Prismatic Aura (CM): (Buff) Bang Head Sigh...Prismatic Aura suffers from all the drawbacks of the typical abjuration defense spell. First off, it has standard action casting/1 round/level duration which means you lose your first round casting this spell. Secondly – it only affects combatants who attack you in melee. If you find yourself in melee – don’t cast this spell – cast dimension door and get out of melee!!! This spell is in the same book as Karmic Retribution – which is swift action casting and affects all creatures that attack you, ranged, melee or magic. This is a turkey.
« Last Edit: April 02, 2010, 05:40:03 PM by Dan2 » Logged

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« Reply #19 on: May 26, 2008, 10:51:38 PM »

7th level spells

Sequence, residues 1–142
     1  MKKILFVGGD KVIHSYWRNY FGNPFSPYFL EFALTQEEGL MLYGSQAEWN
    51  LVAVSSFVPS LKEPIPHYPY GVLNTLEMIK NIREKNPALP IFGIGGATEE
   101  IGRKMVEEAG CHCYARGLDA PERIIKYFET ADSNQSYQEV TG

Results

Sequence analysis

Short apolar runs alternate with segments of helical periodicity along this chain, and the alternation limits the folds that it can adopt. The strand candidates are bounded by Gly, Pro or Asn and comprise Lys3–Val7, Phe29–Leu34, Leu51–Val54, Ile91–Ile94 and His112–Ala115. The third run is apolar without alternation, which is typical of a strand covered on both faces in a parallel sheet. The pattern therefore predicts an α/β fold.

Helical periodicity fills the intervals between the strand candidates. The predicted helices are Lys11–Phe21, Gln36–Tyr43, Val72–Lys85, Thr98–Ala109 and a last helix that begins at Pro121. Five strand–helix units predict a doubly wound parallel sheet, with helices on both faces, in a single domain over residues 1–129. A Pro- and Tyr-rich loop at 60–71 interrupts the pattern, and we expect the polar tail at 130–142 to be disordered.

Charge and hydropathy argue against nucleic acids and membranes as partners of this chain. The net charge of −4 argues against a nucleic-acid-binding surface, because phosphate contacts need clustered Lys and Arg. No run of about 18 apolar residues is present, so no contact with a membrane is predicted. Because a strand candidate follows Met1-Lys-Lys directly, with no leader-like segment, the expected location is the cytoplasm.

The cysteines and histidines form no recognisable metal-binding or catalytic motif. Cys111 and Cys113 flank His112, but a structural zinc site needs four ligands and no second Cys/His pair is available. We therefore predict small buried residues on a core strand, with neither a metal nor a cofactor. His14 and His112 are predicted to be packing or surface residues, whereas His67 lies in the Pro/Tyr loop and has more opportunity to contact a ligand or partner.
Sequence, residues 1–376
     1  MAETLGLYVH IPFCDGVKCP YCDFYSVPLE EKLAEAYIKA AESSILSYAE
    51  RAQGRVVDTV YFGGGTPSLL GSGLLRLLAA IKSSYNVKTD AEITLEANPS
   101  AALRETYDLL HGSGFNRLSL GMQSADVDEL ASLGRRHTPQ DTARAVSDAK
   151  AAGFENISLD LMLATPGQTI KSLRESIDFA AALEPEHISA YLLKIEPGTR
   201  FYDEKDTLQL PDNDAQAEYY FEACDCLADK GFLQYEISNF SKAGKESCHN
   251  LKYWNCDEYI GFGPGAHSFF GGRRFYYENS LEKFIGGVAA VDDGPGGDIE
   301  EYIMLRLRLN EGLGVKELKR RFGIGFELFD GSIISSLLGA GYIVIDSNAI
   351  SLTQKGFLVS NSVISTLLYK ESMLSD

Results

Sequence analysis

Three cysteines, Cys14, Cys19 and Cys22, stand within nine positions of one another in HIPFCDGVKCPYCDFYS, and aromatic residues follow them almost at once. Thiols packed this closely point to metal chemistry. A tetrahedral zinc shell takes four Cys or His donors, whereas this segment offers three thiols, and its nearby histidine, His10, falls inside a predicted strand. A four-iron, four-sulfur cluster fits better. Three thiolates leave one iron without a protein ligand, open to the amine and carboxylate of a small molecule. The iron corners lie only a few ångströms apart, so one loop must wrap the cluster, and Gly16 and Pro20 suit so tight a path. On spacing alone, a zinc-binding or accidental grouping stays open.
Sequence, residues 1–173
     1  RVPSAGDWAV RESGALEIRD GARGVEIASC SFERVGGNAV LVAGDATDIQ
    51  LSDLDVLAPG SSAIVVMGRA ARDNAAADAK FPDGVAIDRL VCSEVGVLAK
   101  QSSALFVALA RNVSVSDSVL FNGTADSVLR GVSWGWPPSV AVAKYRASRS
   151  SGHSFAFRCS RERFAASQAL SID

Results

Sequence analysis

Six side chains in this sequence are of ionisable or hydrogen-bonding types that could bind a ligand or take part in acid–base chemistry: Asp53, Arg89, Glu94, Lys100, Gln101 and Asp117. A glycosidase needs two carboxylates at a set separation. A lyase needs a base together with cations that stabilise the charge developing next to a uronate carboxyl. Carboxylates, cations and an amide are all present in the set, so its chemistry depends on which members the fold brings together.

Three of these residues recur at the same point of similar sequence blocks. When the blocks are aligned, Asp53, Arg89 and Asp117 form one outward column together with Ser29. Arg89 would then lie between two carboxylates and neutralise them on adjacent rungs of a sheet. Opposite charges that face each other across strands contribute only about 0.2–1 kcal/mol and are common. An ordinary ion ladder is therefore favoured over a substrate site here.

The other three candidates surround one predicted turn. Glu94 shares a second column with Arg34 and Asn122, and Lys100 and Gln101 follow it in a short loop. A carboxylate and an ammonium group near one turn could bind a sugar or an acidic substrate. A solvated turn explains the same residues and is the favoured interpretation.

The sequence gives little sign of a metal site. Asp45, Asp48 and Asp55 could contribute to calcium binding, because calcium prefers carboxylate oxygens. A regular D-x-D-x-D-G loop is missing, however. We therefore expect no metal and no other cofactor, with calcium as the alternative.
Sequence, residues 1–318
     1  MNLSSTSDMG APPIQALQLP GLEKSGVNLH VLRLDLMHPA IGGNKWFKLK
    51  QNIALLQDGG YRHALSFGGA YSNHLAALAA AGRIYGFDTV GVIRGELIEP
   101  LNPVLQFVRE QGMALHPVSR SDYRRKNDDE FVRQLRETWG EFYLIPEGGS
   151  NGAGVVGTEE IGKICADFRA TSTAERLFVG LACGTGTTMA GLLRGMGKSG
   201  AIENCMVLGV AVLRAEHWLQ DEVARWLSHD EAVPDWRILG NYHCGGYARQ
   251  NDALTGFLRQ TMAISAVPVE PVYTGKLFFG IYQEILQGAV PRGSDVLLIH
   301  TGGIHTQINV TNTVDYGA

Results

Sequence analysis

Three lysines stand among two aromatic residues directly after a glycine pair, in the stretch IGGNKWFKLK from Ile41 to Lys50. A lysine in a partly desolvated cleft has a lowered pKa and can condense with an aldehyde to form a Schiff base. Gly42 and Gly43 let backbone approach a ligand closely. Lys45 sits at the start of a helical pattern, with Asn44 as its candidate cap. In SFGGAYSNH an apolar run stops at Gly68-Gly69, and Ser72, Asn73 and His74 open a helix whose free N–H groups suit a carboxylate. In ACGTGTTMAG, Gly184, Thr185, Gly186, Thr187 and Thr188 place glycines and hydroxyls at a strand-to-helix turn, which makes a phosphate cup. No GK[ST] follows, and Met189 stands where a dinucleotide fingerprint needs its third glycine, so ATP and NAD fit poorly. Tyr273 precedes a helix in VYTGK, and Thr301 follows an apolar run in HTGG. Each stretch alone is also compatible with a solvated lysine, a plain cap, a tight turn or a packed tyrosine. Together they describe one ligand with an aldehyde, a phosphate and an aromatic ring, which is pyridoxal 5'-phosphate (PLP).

Energy Absorption (CM): (buff/healing!): Evil Laugh  Quite an interesting, if not odd spell. It is a hr/level buff that provides 10 energy resistance against all 5 energy types. This is a little weak on its own – but get this – you can (as an immediate action) expend the spell to absorb the energy of any energy based attack – and in addition to full immunity to any and all energy types used in the attack, the subject actually heals half of the damage the effect normally would have caused. Instantly in my head I consider the possibilities of intentional friendly fire (The fighter is getting low on HP – so you lob an area energy blast into his wake – damaging his enemies while healing him...)

Banishment (PHB): (Save or lose): Plotting The more potent version of dismissal. Banishment allows 2 HD of creatures to be banished per CL. The big draw here is that you can boost both your spells DC and your CL check to defeat SR by presenting the target with objects or substances with which the target is opposed, hates, fears etc. Should be easy enough for banishing evil outsiders...after all you’re a mage – how many charms depicting the holy symbols of good gods can you fit on one necklace? The point is that the DC/CL boosts are stackable.